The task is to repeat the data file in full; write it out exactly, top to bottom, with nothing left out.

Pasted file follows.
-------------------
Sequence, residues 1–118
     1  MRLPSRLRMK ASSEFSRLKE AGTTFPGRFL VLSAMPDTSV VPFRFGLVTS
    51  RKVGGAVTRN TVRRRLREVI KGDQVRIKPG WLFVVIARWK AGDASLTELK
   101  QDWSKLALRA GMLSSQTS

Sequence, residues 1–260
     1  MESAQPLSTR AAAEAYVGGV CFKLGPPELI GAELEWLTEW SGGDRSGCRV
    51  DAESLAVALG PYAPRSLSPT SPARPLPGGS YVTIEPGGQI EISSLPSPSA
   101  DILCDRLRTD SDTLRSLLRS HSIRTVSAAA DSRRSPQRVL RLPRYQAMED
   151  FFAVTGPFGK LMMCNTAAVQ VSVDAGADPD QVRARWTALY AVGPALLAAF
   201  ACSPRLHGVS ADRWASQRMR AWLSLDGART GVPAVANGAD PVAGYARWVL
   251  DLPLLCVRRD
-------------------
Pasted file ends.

Sequence, residues 1–118
     1  MRLPSRLRMK ASSEFSRLKE AGTTFPGRFL VLSAMPDTSV VPFRFGLVTS
    51  RKVGGAVTRN TVRRRLREVI KGDQVRIKPG WLFVVIARWK AGDASLTELK
   101  QDWSKLALRA GMLSSQTS

Sequence, residues 1–260
     1  MESAQPLSTR AAAEAYVGGV CFKLGPPELI GAELEWLTEW SGGDRSGCRV
    51  DAESLAVALG PYAPRSLSPT SPARPLPGGS YVTIEPGGQI EISSLPSPSA
   101  DILCDRLRTD SDTLRSLLRS HSIRTVSAAA DSRRSPQRVL RLPRYQAMED
   151  FFAVTGPFGK LMMCNTAAVQ VSVDAGADPD QVRARWTALY AVGPALLAAF
   201  ACSPRLHGVS ADRWASQRMR AWLSLDGART GVPAVANGAD PVAGYARWVL
   251  DLPLLCVRRD